Panel Paper: Perfectly Safe Drinking Water Is Nearly Free in Philadelphia - so Why Do Almost Half of Residents Buy Bottled Water?

Friday, July 20, 2018
Building 3, Room 211 (ITAM)

*Names in bold indicate Presenter

Nina DePena Hoe1, Joanne Dahme2, Hailey Stern3, Tiffany Ledesma4, Hanzhe Xue1, Andrea Meyers1 and John Pierce1, (1)University of Pennsylvania, (2)Philadelphia Water Department, (3)Trans-Pacific Engineering Corp., (4)CDM Smith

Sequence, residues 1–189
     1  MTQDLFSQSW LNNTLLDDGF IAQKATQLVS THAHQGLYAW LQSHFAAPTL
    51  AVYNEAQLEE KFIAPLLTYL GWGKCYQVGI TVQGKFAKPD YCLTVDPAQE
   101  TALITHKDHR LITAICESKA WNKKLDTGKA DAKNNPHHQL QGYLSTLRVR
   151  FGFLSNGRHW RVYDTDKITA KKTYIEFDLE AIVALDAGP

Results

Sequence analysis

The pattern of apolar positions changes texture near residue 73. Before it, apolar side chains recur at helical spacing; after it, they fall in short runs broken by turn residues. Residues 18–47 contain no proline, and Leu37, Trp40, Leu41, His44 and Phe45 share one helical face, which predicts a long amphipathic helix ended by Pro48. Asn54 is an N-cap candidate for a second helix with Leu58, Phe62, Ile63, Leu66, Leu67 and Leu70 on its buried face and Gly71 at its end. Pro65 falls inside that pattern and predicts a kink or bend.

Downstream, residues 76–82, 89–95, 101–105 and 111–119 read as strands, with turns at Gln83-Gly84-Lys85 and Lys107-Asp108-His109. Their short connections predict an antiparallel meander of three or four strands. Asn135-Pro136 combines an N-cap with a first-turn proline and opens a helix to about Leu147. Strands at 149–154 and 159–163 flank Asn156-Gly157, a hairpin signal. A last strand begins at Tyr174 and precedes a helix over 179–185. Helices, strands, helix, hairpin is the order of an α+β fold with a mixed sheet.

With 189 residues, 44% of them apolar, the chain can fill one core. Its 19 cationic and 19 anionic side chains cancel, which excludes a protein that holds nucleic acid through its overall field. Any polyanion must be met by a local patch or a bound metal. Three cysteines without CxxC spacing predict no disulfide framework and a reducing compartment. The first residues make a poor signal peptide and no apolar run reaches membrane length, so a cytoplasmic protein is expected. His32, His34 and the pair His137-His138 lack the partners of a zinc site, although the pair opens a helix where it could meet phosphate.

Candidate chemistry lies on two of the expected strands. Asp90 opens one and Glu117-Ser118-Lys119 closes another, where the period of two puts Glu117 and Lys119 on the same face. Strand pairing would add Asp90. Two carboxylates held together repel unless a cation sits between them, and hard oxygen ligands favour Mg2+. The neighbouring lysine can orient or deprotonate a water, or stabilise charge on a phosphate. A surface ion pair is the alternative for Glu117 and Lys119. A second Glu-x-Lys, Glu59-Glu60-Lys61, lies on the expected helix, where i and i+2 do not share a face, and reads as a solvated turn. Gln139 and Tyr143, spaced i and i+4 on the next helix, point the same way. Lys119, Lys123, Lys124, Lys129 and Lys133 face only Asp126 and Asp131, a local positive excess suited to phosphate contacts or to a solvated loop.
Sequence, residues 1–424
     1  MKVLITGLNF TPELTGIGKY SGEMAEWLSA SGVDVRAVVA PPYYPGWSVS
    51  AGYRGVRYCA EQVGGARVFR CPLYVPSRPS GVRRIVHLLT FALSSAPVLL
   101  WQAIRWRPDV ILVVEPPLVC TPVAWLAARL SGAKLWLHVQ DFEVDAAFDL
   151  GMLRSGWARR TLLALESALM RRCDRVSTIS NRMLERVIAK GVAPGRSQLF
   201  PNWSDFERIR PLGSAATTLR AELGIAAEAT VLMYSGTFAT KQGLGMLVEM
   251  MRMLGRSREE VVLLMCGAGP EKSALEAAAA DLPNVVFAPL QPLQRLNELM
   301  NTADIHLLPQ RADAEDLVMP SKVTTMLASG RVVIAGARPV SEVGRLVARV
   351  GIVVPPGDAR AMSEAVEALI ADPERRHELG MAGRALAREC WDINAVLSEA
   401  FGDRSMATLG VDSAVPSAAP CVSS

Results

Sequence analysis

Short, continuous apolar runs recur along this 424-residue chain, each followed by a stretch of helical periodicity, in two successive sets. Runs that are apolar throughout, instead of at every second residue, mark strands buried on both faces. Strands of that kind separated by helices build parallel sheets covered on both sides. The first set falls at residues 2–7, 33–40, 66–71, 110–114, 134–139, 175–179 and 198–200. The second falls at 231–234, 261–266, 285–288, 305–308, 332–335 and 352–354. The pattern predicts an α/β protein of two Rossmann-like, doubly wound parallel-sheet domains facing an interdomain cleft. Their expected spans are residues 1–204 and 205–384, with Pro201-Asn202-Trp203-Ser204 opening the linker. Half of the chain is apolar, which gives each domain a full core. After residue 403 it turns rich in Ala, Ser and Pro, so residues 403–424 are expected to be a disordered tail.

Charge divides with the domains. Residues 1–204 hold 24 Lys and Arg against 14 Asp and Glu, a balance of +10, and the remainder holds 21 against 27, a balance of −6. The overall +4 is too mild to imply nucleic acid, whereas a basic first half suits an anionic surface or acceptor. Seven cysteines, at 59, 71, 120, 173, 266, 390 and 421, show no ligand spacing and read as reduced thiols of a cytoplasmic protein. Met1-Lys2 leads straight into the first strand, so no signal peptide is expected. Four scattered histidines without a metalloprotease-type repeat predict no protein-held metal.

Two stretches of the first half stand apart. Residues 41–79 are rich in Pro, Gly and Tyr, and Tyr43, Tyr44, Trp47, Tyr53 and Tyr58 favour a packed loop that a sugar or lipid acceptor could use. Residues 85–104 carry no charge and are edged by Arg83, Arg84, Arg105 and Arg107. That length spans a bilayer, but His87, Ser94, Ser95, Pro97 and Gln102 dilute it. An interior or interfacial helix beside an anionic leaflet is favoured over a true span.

Watershed protection is a leading priority for the agencies of government and regional foundations in the Philadelphia area. As a result, the City of Philadelphia has access to safe and reliable drinking water that regularly exceeds Environmental Protection Agency standards. However, there is a problem: nearly half of Philadelphians are not actually drinking the city water. Instead, they are choosing to buy bottled water as their primary source of drinking water, which is estimated to cost nearly 2,000 times the price of tap water. The Philadelphia Water Department in collaboration with ImpactED at the University of Pennsylvania has conducted mixed-methods research over the last 3 years, including citywide surveys and in-depth focus groups, to better understand the water drinking choices of Philadelphians. Our research shows that approximately 40% of Philadelphians primarily drink bottled water instead of water out of the tap when at home. But most importantly, the survey showed that those choices vary widely by level of education, income, race, and gender. In general, lower-income, less educated, minority and female residents choose to purchase and drink bottled water at significantly higher rates than other groups. Understanding the decision-making process for Philadelphians around drinking water choices and their motivations for choosing tap water over bottled, has implications for the well-being of the city, and for policymakers aiming to improve the economy, environment and health of the city. This paper explores residents’ relationship with the water that comes from their faucet to better inform water policy and resident outreach.